Liberals Are Seeing Which Right-Wing Groups You’re Joining On Facebook, And No One Is Calling Them Out For It

Liberals Are Seeing Which Right-Wing Groups You’re Joining On Facebook, And No One Is Calling Them Out For It

If you were ever hesitant to join pro-Nationalist, or Anti SJW groups on Facebook, despite the fact that you may (at least to some degree) follow these ideologies and desire to connect with like-minded people, your head may be in the right place. Extreme feminist and proud Antifa supporter Megan Squire is publicly out to ruin your life. She posted recently on her blog, boasting of her many discoveries within the hard right Facebook groups.   

“I have built a large dataset of far-right extremists in order to learn about their movement and figure out how they operate so that we can keep our communities safe.” Megan writes as she’s likely trying to simultaneously pick out her new superhero name. Maybe something like, “Free Speech Destroyer” would be appropriate. Nevertheless, Megan had an epiphany which led her down the road of invading our privacy: 

I wondered: Do groups from different ideologies share members in common? Which groups have the most members in common? I originally had 9 different far-right ideologies in the classification system, and have since expanded to 12, as shown in the table below. To classify each group or event, I evaluated the keywords present in the group name and description, as well as symbols found in the group cover photo, and other content if viewable (discussion comments, photos, and so on.) In the future, perhaps we could use this training data as part of a machine learning approach to build a classifier for new, unseen groups…

 Of course, she didn’t just think about doing it, there would be no reason to write about this if that’s all there was to it. She went on to waste countless hours researching different right-wing Facebook groups from the Conservative to the Alt-Right. 

“Below is a diagram (created in Gephi using Fruchterman-Reingold layout) showing co-membership between groups from five of the ideologies: Alt-Right, Neo-Confederate, White Nationalist, Anti-Government, and Neo-Nazi. Lines (“edges”) between groups (“nodes”) indicate that the two groups share at least 10 members in common. Larger nodes mean the group has more members.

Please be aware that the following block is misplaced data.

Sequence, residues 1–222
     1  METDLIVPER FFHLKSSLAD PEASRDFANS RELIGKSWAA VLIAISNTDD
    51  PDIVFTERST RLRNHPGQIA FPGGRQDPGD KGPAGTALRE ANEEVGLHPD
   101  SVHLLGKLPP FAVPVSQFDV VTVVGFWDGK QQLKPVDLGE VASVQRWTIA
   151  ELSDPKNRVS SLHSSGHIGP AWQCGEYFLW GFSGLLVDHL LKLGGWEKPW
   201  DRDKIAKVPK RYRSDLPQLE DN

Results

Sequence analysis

FB group co-membership graph
click to expand

In the center of the diagram, in purple, is the Unite the Right (UtR) event. Below is a close-up view of the groups and events that had the highest co-membership with UtR. Here I have highlighted the UtR node, and its connected nodes show up with their color (nodes that are disconnected from UtR in this diagram are “greyed out”).

Unite the right group co-membership
click to expand

As the diagram shows, UtR not only had a very high number of nodes it shared members with, but the nodes it shared with were from a wide variety of groups from all the other ideologies: Neo-Confederate (red) groups, militias and Oath Keepers (blue), White Nationalist groups (green), Alt-Right groups (yellow), and even Neo-Nazi groups (black).”

So yes, she’s seeing what groups you’re in and she isn’t afraid to make her discoveries public. Wired praised Megan in a recent article titled “Meet Antifa’s Secret Weapon Against Far Right Extremists”. Implying that Antifa members are somehow not extremists… They wrote of Megan,

Whack-a-Mole, her creation, is a set of programs that monitor some 400,000 accounts of white nationalists on Facebook and other websites and feeds that information into a centralized database. The first big test of Whack-a-Mole came just before the white supremacist Unite the Right rally in Charlottesville on Saturday, August 12. In the weeks before, because of her database, Squire could see that nearly 700 white supremacists on Facebook had committed to attend the rally, and by perusing their posts, she knew they were buying plane tickets and making plans to caravan to Charlottesville. Her research also showed that some of them had extensive arrest records for violence. She sent a report to the SPLC, which passed it on to Charlottesville and Virginia law enforcement. She also called attention to the event on anarchist websites and spread the word via “affinity groups,” secret peer-to-peer Antifa communication networks.

Megan says she wants to do more to silence whoever she deems to be a “Nazi” and the media are singing her praises for it. She insists that what she’s doing is not only legal, but it’s the only way for her to stop anyone whose remotely right wing from speaking. In fact, I’ll probably be the first name on her hit list just for writing this “hateful” article. So just be careful, and be aware that Antifa and SJW’s are lurking in your groups and on your profile, waiting for the opportune moment to strike.  




 




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